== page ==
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Thread: Referrals for a commission - illegal?

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    Junior Member Raymond Smit's Avatar
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    Referrals for a commission - illegal?

    Hey guys, is it illegal to offer an incentive/reward/commission for someone who refers a customer in terms of S38 of the CPA? If so, what then is the difference
    between people who refer and outside salespeople? (since they both operate on contingency). Furthermore what is the punishment for doing this?

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    All i know is that when you offer incentives to your stuff they will push that specific product and therefore they might not give the best product based on the client's needs which is obviously against the interests of the consumer. The whole thing makes sense from a business point of view as well in terms of having happy clients and retaining the client database and getting other clients referred to your business.
    ---There is no traffic at the extra mile---

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    Site Caretaker Dave A's Avatar
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    I suggest you need to read S38 far more carefully.

    1) A person must not promote, offer, supply, agree to supply, or induce a consumer to accept any goods or services on the representation that the consumer will receive a rebate, commission or other benefit if—

    a) the consumer subsequently—

    i) gives the supplier the names of consumers; or

    ii) otherwise assists the supplier to supply goods or services to other consumers; and


    b) that rebate, commission or other benefit is contingent upon an event occurring after the consumer agrees to the transaction.
    There's nothing in there that implies the person doing the promoting may not accept a commission (provided that they are not themselves a customer of the same provider).
    The trouble with opportunity is it normally comes dressed up as work.

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    Raymond Smit (08-Feb-12), tec0 (08-Feb-12)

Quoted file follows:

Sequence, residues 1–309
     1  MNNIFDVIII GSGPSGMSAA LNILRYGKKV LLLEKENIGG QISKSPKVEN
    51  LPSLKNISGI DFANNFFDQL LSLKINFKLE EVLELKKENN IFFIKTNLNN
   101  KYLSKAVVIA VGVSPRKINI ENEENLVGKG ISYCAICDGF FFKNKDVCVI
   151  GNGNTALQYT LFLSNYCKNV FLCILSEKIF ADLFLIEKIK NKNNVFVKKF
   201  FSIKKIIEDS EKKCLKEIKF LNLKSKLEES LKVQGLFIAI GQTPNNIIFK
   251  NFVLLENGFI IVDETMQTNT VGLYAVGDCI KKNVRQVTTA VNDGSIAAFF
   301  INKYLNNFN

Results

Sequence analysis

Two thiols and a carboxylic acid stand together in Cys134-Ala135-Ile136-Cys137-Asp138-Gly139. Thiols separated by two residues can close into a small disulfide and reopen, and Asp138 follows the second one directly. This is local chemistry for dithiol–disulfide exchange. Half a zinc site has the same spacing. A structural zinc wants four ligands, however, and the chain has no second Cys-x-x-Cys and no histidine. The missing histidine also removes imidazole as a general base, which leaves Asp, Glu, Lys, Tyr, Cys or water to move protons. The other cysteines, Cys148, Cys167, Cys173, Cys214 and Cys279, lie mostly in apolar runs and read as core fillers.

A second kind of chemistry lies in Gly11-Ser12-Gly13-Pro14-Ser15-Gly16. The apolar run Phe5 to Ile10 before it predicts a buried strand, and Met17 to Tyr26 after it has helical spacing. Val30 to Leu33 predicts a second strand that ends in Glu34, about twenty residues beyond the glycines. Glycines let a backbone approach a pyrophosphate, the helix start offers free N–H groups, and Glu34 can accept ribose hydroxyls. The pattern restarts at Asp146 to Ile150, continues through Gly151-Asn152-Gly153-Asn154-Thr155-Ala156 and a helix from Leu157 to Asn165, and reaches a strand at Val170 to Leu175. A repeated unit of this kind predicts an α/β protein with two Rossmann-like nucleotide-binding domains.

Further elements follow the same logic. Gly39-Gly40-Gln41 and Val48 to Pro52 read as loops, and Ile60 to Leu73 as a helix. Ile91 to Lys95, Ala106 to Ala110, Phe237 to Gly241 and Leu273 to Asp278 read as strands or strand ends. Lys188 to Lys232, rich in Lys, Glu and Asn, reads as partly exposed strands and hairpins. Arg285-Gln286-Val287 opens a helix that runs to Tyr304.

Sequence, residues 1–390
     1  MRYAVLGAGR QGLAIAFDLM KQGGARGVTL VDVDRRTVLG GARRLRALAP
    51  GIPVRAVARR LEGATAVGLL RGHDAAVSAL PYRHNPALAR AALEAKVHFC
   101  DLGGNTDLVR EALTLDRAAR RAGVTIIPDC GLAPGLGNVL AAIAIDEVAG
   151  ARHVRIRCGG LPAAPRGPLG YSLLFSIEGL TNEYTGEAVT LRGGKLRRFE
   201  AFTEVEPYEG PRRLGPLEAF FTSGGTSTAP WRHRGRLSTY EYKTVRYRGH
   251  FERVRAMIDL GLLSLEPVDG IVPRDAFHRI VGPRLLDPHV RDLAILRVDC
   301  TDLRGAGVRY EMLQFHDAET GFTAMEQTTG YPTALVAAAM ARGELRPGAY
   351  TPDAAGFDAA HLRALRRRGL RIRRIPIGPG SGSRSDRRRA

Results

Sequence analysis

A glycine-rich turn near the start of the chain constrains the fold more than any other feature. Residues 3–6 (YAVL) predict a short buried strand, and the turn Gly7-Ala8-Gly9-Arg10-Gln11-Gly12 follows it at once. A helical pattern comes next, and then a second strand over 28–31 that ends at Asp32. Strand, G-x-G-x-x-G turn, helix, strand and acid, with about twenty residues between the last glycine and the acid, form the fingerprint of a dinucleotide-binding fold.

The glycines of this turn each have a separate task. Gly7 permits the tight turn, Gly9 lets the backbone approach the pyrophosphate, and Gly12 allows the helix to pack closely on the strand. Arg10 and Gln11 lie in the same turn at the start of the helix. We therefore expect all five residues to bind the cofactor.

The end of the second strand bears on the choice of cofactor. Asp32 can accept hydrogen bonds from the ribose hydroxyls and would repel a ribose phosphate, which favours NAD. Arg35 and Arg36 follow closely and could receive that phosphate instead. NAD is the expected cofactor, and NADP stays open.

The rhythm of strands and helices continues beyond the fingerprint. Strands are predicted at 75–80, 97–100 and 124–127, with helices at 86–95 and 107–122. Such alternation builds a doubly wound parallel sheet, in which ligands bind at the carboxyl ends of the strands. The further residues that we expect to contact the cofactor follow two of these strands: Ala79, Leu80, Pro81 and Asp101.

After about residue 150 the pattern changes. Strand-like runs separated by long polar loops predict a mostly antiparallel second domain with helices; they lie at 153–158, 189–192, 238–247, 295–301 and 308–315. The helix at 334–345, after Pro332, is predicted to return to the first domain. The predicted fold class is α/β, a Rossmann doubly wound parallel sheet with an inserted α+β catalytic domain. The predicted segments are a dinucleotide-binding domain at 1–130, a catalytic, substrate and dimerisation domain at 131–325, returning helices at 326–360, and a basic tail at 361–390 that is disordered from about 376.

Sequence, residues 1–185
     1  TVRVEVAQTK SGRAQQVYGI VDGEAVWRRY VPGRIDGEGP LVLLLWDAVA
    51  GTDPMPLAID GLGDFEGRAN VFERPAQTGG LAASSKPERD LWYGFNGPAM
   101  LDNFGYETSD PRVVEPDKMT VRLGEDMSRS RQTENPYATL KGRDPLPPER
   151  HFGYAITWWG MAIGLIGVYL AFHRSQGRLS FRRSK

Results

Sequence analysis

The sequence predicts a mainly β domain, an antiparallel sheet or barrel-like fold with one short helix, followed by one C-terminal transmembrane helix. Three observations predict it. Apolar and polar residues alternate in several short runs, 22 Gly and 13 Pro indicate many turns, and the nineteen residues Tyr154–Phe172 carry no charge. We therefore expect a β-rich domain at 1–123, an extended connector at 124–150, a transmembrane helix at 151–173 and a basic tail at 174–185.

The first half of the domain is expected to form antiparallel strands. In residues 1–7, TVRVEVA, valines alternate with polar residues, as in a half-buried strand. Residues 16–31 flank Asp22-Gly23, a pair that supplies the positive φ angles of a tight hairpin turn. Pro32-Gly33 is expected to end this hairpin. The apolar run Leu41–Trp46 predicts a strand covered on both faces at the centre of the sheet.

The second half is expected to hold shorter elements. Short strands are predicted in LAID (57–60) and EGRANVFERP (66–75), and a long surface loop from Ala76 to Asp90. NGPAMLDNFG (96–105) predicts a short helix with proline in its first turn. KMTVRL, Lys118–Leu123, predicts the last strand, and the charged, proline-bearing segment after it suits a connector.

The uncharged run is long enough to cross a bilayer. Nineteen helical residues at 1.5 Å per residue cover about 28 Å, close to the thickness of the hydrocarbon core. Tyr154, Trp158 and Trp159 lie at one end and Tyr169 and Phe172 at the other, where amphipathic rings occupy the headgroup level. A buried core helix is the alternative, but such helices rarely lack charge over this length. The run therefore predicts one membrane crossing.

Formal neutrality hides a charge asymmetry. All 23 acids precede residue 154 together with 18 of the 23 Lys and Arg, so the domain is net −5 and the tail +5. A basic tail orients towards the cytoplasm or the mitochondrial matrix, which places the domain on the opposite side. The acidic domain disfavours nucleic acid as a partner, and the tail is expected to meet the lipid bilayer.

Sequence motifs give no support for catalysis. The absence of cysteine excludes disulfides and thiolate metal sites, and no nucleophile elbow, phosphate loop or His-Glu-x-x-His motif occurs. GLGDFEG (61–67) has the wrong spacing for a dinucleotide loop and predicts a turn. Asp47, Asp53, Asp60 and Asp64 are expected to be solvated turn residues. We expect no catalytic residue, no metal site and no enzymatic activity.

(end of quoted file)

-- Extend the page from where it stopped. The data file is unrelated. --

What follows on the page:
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    Quote Originally Posted by Dave A View Post
    I suggest you need to read S38 far more carefully.


    There's nothing in there that implies the person doing the promoting may not accept a commission (provided that they are not themselves a customer of the same provider).
    This sounds right, wonder how it will be policed, and how are the multi-level marketing companies going to change their strategy?

    Almost every MLM company ie amway etc sells the product on the basis of recruiting customers to refer products for discounts or remuneration, or am i mistaken?

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    Site Caretaker Dave A's Avatar
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    Quote Originally Posted by Nigel Hamilton View Post
    ...how are the multi-level marketing companies going to change their strategy?
    That question has been asked, and not really settled.

    I'm inclined to think systems like Tupperware, Mary K, Kirby and the like where selling is focused on more than "consume and sponsor" are going to be fine.

    N21 (Amway) and Eagle Team (GNLD) style operations might have problems... if a consumer protection group goes after them, of course.

    Running with Amway as an example, Amway itself might be fine - it's the IBOs that I'd guess are in the firing line.
    The trouble with opportunity is it normally comes dressed up as work.

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    Junior Member Raymond Smit's Avatar
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    Thanks for clarifying that Dave. However, I don't see the difference (or rather the harm/damage) between consumers selling your products or salesmen.
    The result would still be the same ... Fraudelent products and services are really to blame, not the method in selling them.

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    Site Caretaker Dave A's Avatar
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    Quote Originally Posted by Raymond Smit View Post
    Fraudelent products and services are really to blame, not the method in selling them.
    I regret I must disagree - the most common problem is questionable representation of the products and "business prospects*." Most often (and most certainly in the companies I've mentioned) there's nothing wrong with the products themselves.

    Differentiating between sales people and consumers comes down to motivation. If consumers are buying a product because it provides them with an opportunity to make money, the "making money" bit might be the lead cause of their buying decision - as opposed to actually wanting the product.

    *about the shortest phrase I could think of to represent the assurances of how much money there is to be made if you just...
    The trouble with opportunity is it normally comes dressed up as work.

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    Diamond Member Blurock's Avatar
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    There may be a difference between income generated in line of your business and "incidental income" as stated in the act.

    If you are a consumer and receive incidental income as a means to solicit the business, it may be seen as similar to a bribe?

    The way I read it it is illegal to give the supplier names of consumers etc. because that can lead to unsolicited junk mail, spam, cold calls or other harassment that has now been outlawed.
    Excellence is not a skill; its an attitude...

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